Twitter Adopt 2FA; Here Is What You Can Do

In the wake of recent account compromises, including Associated Press and the rampant breaches orchestrated by the “Syrian Electronic Army“, Twitter have recently released
2FA (2 Factor Authentication), which is a most welcome addition to
bolster users’ security. It is not, however, the be-all and end-all:
users are still responsible for choosing strong, hard-to-guess
passwords. If your password is compromised, control of your account may
be lost to malicious actors.


While it’s true that, given enough time and resources, all passwords
are crackable regardless of their complexity – a pass-string of 200
random characters is ultimately just as vulnerable to brute forcing as a
password containing just one character – the aim of a complex
pass-string  is to make an attack chronologically infeasible. Let’s
first take a look at the total number of possible combinations for a
given base of elements:




…(read more)

WebShells WebShells on the Web Server

This blog describes briefly what WebShells are, and how attackers can
use WebShells to gain powerful shell level/system level access to a
server. WebShells have been used in attacks for quite a long time now,
but with changes in attack tre…

Cyber Criminals Exploiting the Boston Marathon Aftermath [UPDATED]

While the world recoils in shock at the horrifying events at Monday’s Boston Marathon, cybercriminals are actively seeking to exploit people’s thirst for information and eagerness to help those affected by the attacks.

The Websense ThreatSeeker® Intelligence Cloud is currently detecting and blocking multiple email-borne campaigns that attempt to lure unsuspecting recipients to malicious websites in order to exploit their machines for criminal gains.

Let’s follow this campaign through the 7 Stages of Advanced Threats (as explained in our whitepaper) to see how cyber-criminals attempt to dupe and compromise users and their machines. We’ll also show that breaking any one link in the chain can protect potential victims.


Stage 1: Reconnaissance

This campaign, like many other topical or event-based campaigns, attempts to propagate as widely as possible, rather than being directed at specific individuals or organizations. Given this, those behind the nefarious campaign simply have to identify a news story with global appeal (in this case, Monday’s events), and then propagate their lure to as many people as possible.


Stage 2: Lure

Preying on human curiosity, in particular after a significant event, the lure is designed to get as many victims onto the hook as possible. In the email campaigns being monitored by Websense® Security Labs™, the email subjects have been designed to suggest that the message contains information or news regarding the events:

  • 2 Explosions at Boston Marathon
  • Aftermath to explosion at Boston Marathon
  • Boston Explosion Caught on Video
  • BREAKING – Boston Marathon Explosion
  • Explosion at the Boston Marathon
  • Explosions at Boston Marathon
  • Explosions at the Boston Marathon
  • Runner captures. Marathon Explosion
  • Video of Explosion at the Boston Marathon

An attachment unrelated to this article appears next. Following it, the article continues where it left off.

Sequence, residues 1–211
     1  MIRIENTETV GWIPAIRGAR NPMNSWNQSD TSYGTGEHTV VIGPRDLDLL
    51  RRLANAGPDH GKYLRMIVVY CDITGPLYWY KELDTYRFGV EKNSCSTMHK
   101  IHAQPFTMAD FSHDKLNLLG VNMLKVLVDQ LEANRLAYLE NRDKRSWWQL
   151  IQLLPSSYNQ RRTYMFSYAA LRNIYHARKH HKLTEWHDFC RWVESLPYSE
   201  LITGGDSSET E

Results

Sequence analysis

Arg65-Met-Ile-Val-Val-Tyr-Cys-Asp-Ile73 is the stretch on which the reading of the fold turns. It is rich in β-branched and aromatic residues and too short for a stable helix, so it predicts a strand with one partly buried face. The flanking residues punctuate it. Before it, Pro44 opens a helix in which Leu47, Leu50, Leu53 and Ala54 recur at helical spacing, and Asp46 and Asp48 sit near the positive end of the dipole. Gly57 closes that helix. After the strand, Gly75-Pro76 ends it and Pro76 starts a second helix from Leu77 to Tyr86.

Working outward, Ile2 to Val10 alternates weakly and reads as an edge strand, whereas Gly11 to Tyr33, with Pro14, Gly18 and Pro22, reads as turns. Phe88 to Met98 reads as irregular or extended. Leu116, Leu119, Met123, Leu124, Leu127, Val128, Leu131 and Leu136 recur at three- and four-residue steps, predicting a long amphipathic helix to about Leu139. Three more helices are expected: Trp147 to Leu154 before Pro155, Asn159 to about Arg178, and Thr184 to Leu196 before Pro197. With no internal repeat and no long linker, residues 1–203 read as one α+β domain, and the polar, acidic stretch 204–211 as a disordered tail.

The message body itself, in most cases, contains a single URL in the format http://<IP Address>/news.html or http://<IP Address>/boston.html with no further detail or information. At this point, the recipient is lured to click on the malicious link, which ushers them on to stage 3.


Stage 3: Redirect

Having clicked the link, the unwitting victim is presented with a page containing YouTube videos of the horrific events (intentionally obscured below) while an iframe redirects them to an exploit page.


Stage 4 – Exploit Kit

Based on an analysis of a sample set of the malicious URLs seen in this campaign so far, the RedKit Exploit Kit has been used to, in our case, exploit an Oracle Java 7 Security Manager Bypass vulnerability (CVE-2013-0422) in order to deliver a file onto our analysis machine.


Stage 5 – Dropper File

Rather than using a dropper file, which contains the malicious code within itself and often packed to prevent detection by antivirus signatures, this campaign uses a downloader belonging to the Win32/Waledac family which is used to download further malicious binaries. In this case, two bots named Win32/Kelihos and Troj/Zbot are downloaded and installed on the compromised machine in order to join it to the cyber-criminals’ bot network.


Stage 6 – Call Home / Stage 7 – Data Theft

Once the compromised machine is under the control of the cyber-criminal, the bots call home, which allows remote commands to be issued and for data to be sent and received. Common abuses of a compromised machine include data collection and exfiltration, such as the theft of financial and personal information. Other abuses include the sending of unsolicited email or the unwilling participation in Distributed Denial of Service attacks.



Websense customers are protected by ACE™, our Advanced Classification Engine, against cyber threats of this nature.  In addition to blocking lures at stage 2 before they reach end-users, access to malicious destinations throughout stages 3 through 6 are denied which, combined with data loss controls to protect against stage 7, help to ensure that your data stays where it belongs and not in the hands of an attacker.